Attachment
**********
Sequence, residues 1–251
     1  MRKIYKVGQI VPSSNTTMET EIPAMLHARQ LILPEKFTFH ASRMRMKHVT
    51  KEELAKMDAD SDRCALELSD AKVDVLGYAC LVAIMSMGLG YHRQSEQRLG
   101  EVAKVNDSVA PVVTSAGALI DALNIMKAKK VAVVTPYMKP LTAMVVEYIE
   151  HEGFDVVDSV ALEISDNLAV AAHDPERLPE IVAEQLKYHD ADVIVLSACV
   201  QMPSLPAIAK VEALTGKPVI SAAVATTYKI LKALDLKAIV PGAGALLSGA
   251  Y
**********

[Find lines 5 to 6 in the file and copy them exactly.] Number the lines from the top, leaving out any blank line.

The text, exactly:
   151  HEGFDVVDSV ALEISDNLAV AAHDPERLPE IVAEQLKYHD ADVIVLSACV
   201  QMPSLPAIAK VEALTGKPVI SAAVATTYKI LKALDLKAIV PGAGALLSGA